Will Australia see its first cash rate hike in more than a decade tomorrow?

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 Will Australia see its first cash rate hike in more than a decade tomorrow?
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Highlights

  • A cash rate hike by the RBA is likely to take shape soon amidst a sharp rise in inflation.
  • Three out of the big four banks expect a rate hike in May, with Commonwealth Bank of Australia (ASX:CBA) tipping a June rate hike.
  • Those expecting a June rate hike suggest that the RBA could hold onto the decision ahead of elections.

The Australian economy is eagerly waiting for a momentous decision from the Reserve Bank of Australia (RBA). While the market seems divided on the decision, a rate hike is most likely to be introduced soon. Following the release of worrying inflation data last week, some economists have shifted their rate hike expectations forward to as early as May.

Rising inflation tends to put pressure on the Reserve Bank to raise rates as early as possible. To curb the high money supply in the economy, the central bank often resorts to higher interest rates. This effectively makes borrowing more expensive and reduces the money supply in the economy. Reduced investment and withdrawal of money from the economy help to curb high inflation.

The RBA’s policy decision will be out tomorrow, May 3, when it will meet for its monthly monetary policy decision meeting. With households and experts waiting for tomorrow’s decision, a lot depends on how the central bank proceeds with the policy. If an interest rate hike were to be announced, it would be followed by multiple hikes by the RBA. Thus, borrowers are expected to see their mortgage and interest repayments shoot up in the coming months.

ALSO READ: Three top hedges to shield your portfolio against inflation

Why are economists expecting a rate hike in May?

The biggest reason forcing policymakers to push their rate hike forecast forward is March’s biggest quarterly inflation rise in more than 20 years. The data released by the Australian Bureau of Statistics (ABS) showed that annual inflation jumped to 5.1% in the March quarter, while quarterly inflation rose to 2.1%.

The underlying annual inflation has reached 3.7%, well above the RBA’s target range of 2-3%. This has ultimately compelled many economists to revise their forecasts of a rate hike from the previously expected increase in June.

Perhaps the most critical evidence of a May rate hike is presented in the cash rate forecast revision by three of the big four banks. Australia and New Zealand Banking Group Limited (ASX:ANZ), National Australia Bank Ltd. (ASX:NAB), and Westpac Banking Corp. (ASX:WBC) are all expecting a rate hike of 15 basis points in May.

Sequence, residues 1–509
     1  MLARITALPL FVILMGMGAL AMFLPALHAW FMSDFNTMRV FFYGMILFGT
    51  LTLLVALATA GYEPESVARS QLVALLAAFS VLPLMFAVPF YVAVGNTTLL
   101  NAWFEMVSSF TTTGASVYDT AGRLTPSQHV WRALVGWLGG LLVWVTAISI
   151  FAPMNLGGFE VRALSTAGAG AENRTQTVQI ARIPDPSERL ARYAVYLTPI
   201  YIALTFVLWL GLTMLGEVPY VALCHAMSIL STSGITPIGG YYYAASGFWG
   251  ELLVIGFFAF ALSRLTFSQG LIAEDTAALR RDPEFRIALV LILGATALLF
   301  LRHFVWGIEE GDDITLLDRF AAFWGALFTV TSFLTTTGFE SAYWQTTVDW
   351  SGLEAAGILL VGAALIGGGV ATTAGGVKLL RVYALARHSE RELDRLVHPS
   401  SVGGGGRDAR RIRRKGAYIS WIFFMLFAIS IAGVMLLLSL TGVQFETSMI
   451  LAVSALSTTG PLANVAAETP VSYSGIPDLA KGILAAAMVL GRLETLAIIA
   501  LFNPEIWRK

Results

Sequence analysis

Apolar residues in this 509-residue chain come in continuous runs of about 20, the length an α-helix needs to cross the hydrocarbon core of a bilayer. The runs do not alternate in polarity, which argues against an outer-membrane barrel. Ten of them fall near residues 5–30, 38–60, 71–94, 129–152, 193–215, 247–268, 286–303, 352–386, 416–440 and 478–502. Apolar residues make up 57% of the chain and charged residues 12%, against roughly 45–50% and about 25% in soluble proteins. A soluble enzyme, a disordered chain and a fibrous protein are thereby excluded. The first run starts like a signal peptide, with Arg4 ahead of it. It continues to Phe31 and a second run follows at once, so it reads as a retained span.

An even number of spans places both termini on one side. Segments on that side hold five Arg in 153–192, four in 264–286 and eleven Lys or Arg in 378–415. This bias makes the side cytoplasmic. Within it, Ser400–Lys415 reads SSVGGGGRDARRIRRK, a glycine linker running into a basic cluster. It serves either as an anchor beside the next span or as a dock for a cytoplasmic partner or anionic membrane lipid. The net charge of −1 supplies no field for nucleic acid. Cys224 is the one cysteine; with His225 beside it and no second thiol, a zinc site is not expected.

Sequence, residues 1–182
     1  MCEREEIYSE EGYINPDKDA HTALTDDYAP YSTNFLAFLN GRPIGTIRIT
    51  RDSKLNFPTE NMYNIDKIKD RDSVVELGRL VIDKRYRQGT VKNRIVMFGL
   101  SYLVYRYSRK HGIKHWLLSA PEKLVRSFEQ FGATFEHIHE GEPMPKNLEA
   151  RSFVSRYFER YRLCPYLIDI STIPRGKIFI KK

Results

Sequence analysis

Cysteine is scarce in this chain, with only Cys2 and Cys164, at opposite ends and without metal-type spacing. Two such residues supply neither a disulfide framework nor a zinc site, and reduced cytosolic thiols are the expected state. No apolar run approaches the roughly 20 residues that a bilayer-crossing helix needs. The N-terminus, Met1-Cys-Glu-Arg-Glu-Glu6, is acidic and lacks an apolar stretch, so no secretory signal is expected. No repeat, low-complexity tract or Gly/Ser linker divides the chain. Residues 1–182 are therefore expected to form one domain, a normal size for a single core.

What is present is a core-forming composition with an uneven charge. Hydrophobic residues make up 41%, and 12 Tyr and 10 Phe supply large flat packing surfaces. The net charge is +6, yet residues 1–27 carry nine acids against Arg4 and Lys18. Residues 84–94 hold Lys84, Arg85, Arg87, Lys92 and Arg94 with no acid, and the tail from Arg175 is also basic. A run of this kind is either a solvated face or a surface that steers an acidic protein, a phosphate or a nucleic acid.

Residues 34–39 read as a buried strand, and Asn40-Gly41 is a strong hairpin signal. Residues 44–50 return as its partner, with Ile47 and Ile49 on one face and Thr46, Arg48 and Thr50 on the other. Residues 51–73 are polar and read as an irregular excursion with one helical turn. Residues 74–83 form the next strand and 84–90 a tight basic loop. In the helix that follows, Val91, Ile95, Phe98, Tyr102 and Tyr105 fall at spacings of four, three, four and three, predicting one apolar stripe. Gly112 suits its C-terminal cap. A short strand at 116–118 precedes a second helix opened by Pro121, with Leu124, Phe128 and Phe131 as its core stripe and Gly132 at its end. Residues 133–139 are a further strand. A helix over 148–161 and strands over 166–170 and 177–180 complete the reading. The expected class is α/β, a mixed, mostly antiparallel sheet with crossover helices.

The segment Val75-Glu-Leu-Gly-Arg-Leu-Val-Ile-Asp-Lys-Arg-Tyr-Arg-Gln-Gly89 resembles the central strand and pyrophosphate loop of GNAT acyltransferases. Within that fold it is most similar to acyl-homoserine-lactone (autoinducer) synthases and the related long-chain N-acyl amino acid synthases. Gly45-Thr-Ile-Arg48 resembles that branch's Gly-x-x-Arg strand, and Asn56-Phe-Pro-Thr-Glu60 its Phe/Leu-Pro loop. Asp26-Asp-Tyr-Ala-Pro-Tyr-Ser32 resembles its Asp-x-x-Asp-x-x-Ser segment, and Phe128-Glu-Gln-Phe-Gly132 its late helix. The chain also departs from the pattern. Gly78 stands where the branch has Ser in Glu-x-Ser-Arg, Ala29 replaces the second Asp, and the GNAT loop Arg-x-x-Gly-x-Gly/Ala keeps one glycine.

However, the Commonwealth Bank of Australia (ASX:CBA) is expecting a hike in June. Some other market pundits have suggested that a rate hike of as big as 50 basis points could occur this year if the RBA takes an aggressive approach to hiking rates.

RELATED READ: Five ways to prepare for interest rate hikes 

Why do some experts believe that the RBA could remain patient?

Those on the total opposite end of the spectrum believe that it would be too “off-brand” for the Reserve Bank to deviate from its previous stance of being patient with a rate hike. Despite three of the big four banks expecting a May hike, some forecasters believe that the RBA faces the tough task of regaining its credibility in the eyes of the public.

The RBA had maintained a very cautionary stance toward rate hikes for a long, stating that rates would rise in 2024. This ambitious target was met with an abrupt end as surging inflation created havoc across the global economy. It soon became clear that RBA had dangerously underestimated inflationary pressures, which the central bank also admitted.

Consequently, households might have to digest the painful reality of a rate hike coming this year itself. Now, the RBA has a chance to redeem itself in front of the public by holding off the rate hike decision for the next few months.

Additionally, the central bank had also stated that it would wait for both the inflation and wages data before raising the rates. Taking a decision based solely on the inflation data could be contrary to the central bank’s previous statement.

Add to that the timing of the May policy meeting, which is only a few days short of the federal election. This critical timing means that a rate hike decision can factor into the voters’ opinions on the government and, thus, might be avoided completely by the RBA.

Bottom line

Real-world interest rates are already rising, even as the cash rate decision is awaited. Most significantly, fixed-rate borrowing costs are up to unpalatable levels for most households. As lesser mortgages are being taken out, housing prices have already started to decline. Thus, the impact on one of the most critical sectors of the Australian economy has already been achieved. The slowdown in the housing market is expected to be more pronounced once the RBA raises rates.

ALSO READ:  Will soaring fixed rate hikes bring pain for borrowers?

 

 

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